Frequently Asked Questions
The system will be known as Québec Alert Ready across the province.
The system enables Ministère de la Sécurité publique to limit alerts to the affected area and the surrounding region, so only those impacted by an event will receive warning messages. Some service providers may be obliged by technical constraints to broadcast alerts across a wider area.
Yes. Public warning messages will temporarily interrupt current TV and radio programming in the areas affected.
Québec Alert Ready is an additional tool available to the Government of Québec to support municipalities in their process of alerting citizens to emergency situations.
Should such an event occur, people may receive other warnings than the one emitted by Québec Alert Ready—for example, a phone message from their municipality or an alarm issued by a private company.
After an initial alert has been broadcast by Ministère de la Sécurité publique, updates on the situation will be issued until an “all clear” message is broadcast.
MSP’s Government Operations Centre (GOC) monitors public safety operations and is informed of public alerts as well as other warnings issued for the same event.
Government officials must set a time when the alert is expected to expire. They may cancel or update an alert at any time if the situation changes or the event is considered to be over.
There is no obligation for broadcasters to issue an “all clear” message. Government officials must ensure that they satisfactorily convey this information to the public by conventional means.
The system is secure and has been tested several times to prove it works effectively. Each message broadcast through the Québec Alert Ready system will have its own unique digital certificate to guarantee its authenticity. You can also check the message is genuine on the MSP website, MSP à l’adresse alerte.gouv.qc.ca.
MSP always includes an audio version of the written part of the warning message. If broadcasters are unable to use the file due to a technical problem, they can use text-to-speech software to create an audio version of the message. See Public Safety Canada’s website for more details about the uniform look and feel of emergency public warnings.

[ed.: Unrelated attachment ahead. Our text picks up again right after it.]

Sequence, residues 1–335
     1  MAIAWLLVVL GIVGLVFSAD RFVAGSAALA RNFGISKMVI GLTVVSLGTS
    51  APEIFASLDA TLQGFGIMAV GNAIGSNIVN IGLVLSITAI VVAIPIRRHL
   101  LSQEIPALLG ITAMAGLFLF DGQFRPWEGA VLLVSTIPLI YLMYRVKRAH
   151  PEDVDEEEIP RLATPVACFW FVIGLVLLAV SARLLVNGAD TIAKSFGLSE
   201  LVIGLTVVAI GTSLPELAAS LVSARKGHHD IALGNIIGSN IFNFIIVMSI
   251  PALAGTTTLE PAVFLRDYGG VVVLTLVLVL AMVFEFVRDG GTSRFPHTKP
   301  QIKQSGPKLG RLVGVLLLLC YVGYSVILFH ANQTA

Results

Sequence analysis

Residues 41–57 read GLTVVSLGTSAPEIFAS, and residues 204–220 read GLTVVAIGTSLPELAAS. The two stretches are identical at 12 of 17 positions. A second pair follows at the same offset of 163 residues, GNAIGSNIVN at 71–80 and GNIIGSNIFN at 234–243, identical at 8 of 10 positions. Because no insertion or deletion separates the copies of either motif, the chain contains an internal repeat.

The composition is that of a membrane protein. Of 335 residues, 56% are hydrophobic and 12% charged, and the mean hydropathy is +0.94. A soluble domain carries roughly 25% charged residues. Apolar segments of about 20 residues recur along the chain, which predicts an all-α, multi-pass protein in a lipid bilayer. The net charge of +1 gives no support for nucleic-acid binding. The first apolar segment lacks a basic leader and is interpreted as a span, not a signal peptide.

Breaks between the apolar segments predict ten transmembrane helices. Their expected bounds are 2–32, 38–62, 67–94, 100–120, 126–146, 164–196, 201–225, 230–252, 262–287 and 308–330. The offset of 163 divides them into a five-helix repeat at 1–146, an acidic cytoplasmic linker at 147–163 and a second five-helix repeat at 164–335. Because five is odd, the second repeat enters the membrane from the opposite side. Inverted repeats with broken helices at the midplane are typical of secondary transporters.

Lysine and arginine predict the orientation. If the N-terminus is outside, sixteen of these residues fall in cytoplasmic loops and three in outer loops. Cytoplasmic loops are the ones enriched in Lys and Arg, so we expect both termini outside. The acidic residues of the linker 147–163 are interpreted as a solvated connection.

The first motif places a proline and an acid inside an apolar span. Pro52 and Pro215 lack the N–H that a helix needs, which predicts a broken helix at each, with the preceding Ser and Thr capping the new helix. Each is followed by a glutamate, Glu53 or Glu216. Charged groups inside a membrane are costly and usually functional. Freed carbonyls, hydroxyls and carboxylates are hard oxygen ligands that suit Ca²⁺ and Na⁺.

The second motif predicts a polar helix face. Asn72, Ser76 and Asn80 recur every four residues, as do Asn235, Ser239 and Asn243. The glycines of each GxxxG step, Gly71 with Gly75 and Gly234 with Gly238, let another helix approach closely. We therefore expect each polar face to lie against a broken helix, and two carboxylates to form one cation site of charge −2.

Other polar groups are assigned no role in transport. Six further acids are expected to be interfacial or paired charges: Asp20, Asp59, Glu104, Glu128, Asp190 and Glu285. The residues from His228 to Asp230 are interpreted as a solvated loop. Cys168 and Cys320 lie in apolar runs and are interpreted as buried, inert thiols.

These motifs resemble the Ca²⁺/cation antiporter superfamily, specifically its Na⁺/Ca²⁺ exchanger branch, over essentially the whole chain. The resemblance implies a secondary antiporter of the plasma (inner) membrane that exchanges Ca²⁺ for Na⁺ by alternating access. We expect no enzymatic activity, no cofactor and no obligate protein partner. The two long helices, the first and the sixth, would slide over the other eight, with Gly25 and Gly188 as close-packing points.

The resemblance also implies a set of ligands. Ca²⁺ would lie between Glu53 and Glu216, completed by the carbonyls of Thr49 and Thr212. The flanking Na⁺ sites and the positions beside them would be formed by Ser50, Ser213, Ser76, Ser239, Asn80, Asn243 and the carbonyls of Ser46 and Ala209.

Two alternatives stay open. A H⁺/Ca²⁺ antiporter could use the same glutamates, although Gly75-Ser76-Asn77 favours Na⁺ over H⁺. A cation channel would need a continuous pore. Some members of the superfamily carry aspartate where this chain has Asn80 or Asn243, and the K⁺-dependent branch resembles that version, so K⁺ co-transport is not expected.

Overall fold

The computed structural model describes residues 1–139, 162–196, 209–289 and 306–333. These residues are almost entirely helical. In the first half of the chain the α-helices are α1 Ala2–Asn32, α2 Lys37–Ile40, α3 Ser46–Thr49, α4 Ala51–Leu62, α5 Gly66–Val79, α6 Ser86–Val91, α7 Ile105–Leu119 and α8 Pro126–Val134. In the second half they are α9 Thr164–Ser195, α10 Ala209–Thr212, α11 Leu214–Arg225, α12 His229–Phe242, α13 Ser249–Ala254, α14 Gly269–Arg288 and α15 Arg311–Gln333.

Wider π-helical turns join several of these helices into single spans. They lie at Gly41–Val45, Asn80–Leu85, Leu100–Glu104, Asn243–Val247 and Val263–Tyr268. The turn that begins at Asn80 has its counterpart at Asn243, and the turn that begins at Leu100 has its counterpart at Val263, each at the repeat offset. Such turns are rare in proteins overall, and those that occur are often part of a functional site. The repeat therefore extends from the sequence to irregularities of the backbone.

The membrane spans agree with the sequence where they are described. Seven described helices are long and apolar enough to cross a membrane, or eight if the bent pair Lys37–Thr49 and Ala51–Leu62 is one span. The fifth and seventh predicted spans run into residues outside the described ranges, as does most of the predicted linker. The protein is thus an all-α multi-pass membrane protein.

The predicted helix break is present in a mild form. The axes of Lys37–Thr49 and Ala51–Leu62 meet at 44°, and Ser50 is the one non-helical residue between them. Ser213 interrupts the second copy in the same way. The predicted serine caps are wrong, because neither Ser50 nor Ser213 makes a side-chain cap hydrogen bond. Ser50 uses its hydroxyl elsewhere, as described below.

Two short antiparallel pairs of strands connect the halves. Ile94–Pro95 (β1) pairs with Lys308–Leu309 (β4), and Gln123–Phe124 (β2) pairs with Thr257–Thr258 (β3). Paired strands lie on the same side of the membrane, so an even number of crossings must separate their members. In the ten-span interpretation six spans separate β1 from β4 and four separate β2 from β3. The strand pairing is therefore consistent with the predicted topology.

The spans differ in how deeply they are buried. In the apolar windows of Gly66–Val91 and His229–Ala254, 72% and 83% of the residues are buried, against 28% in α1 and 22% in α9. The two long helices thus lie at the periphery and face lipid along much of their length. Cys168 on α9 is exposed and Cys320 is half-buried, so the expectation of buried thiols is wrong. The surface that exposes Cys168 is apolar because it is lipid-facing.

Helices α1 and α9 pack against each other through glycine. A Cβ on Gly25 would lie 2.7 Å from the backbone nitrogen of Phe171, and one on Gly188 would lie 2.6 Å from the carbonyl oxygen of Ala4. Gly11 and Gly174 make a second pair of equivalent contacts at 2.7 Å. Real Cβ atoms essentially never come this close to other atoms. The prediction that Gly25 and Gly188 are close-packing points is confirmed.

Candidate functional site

In Québec the alerts will only be broadcast in French. MSP is developing a procedure aimed at also broadcasting them in English.
The system provides municipalities with yet another channel of communication to boost existing measures for keeping people informed about emergency situations such as natural disasters.
You will hear the alerts on the radio and you can also sign up to get them directly sent to your mobile device by registering on the Weather Network website or by downloading the weather app on your smartphone or tablet.
On the MSP website at alerte.gouv.qc.ca.
Your municipality is the main source of information when an emergency situation arises in your area. As soon as you receive an MSP alert, we recommend that you follow the instructions issued by your local authorities.
Radio and television stations will also cover events from a news perspective if there is loss of life or property damage, and may provide other useful information as necessary.
The Alert Ready system is run by Pelmorex Communications Inc., the parent company of The Weather Network and MétéoMédia.
When its licence for the two channels was renewed, Pelmorex made a commitment to the CRTC to set up this system in order to help keep Canadians safer.
If you subscribe to certain services, your broadcaster will automatically switch the channel on your TV or decoder to a station that’s reserved for emergency alerts.
To return to your program, you’ll need to change channels manually. Contact your service provider’s customer service department for more information, if necessary.
Last updated: November 9, 2017